2017: Richard Thaler (US)

2016: Oliver Hart (Britain-US) and Bengt Holmström (Finland)

2015: Angus Deaton (Britain-US)

2014: Jean Tirole (France)

2013: Eugene Fama, Lars Peter Hansen and Robert Shiller (US)

2012: Alvin Roth and Lloyd Shapley (US)

2011: Thomas Sargent and Christopher Sims (US)

2010: Peter Diamond and Dale Mortensen (US) and Christopher Pissarides

2009: Elinor Ostrom and Oliver Williamson (US)

2008: Paul Krugman (US)

2007: Leonid Hurwicz, Eric Maskin and Roger Myerson (US)

2006: Edmund Phelps (US)

2005: Thomas Schelling (US), Robert J. Aumann (US-Israel)

2004: Finn Kydland (Norway), Edward Prescott (US)

2003: Robert Engle (US), Clive Granger (Britain)

2002: Daniel Kahneman (Israel-US) and Vernon Smith (US)

2001: George Akerlof (US), A. Michael Spence (US), Joseph Stiglitz (US)

2000: James Heckman (US), Daniel McFadden (US)

1999: Robert Mundell (Canada)

1998: Amartya Sen (India)

1997: Robert Merton (US), Myron Scholes (US)

1996: James Mirrlees (Britain), William Vickrey (US)

1995: Robert Lucas Jr (US)

1994: John Harsanyi (US), John Nash (US), Reinhard Selten (Germany)

1993: Robert Fogel (US), Douglass North (US)

1992: Gary Becker (US)

1991: Ronald Coase (Britain)

1990: Harry Markowitz (US), Merton Miller (US), William Sharpe (US)

1989: Trygve Haavelmo (Norway)

1988: Maurice Allais (France)

1987: Robert Solow (US)

1986: James Buchanan (US)

1985: Franco Modigliani (US)

1984: Richard Stone (Britain)

1983: Gerard Debreu (US)

1982: George Stigler (US)

1981: James Tobin (US)

1980: Lawrence Klein (US)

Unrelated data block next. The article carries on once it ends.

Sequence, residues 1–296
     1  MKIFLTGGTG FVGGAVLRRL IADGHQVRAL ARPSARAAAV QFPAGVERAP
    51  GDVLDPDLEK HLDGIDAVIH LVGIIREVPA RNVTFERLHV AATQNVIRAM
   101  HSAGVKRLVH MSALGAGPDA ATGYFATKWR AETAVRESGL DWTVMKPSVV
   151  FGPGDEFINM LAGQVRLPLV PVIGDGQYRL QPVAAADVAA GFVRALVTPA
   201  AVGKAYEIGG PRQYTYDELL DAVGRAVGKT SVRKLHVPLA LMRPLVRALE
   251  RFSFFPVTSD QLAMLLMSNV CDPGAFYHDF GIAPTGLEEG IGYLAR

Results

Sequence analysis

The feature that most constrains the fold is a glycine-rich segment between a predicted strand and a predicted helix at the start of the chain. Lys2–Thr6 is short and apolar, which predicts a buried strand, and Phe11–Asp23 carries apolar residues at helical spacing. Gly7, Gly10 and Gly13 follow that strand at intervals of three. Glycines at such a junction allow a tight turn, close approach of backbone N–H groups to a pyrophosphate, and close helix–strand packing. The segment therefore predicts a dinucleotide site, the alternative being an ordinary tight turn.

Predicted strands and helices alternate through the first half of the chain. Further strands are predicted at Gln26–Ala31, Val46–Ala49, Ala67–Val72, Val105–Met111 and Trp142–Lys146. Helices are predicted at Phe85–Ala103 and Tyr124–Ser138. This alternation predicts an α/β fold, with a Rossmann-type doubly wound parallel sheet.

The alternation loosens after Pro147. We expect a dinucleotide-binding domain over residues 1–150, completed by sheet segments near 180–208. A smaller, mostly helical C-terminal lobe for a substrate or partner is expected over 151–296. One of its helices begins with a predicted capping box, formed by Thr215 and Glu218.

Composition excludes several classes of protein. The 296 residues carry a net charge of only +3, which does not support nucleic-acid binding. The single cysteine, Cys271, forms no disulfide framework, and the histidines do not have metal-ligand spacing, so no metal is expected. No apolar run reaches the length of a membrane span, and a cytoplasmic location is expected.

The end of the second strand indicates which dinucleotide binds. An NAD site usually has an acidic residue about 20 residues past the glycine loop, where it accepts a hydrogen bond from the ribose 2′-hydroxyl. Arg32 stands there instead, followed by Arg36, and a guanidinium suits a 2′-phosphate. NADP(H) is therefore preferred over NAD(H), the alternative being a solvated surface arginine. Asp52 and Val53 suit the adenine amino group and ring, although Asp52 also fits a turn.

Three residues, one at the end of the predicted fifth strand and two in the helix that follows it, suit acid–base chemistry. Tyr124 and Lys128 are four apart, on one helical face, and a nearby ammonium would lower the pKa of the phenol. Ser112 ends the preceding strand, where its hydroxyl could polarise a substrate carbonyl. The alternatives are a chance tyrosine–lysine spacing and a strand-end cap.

1979: Theodore Schultz (US), Arthur Lewis (Britain)

1978: Herbert Simon (US)

1977: Bertil Ohlin (Sweden), James Meade (Britain)

1976: Milton Friedman (US)

1975: Leonid Kantorovich (Soviet Union), Tjalling Koopmans (US)

1974: Gunnar Myrdal (Sweden), Friedrich von Hayek (Britain)

1973: Vassily Leontief (US)

1972: John Hicks (Britain), Kenneth Arrow (US)

1971: Simon Kuznets (US)

1970: Paul Samuelson (US)

1969: Ragnar Frisch (Norway), Jan Tinbergen (Netherlands)

10:15 Nobel Prize in Economics 2018

Good morning and welcome to the final day of Nobel Prize announcement season. Today we're at the edge of our seats waiting to find out who will be awarded this year's Sveriges Riksbank Prize in Economic Sciences in Memory of Alfred Nobel (or just call it the Nobel Economics Prize… if you don't tell on me, neither will I). The Local's Catherine Edwards is on her way to the Royal Swedish Academy of Sciences for the press conference at 11.45am, and live blogging this day for you is our editor Emma Löfgren.

To catch up with last week's announcement, follow these links:





In case you're wondering why there's no Nobel Prize in Literature this year, you can read more about that HERE.

Member comments

Become a Member to leave a comment.Or login here.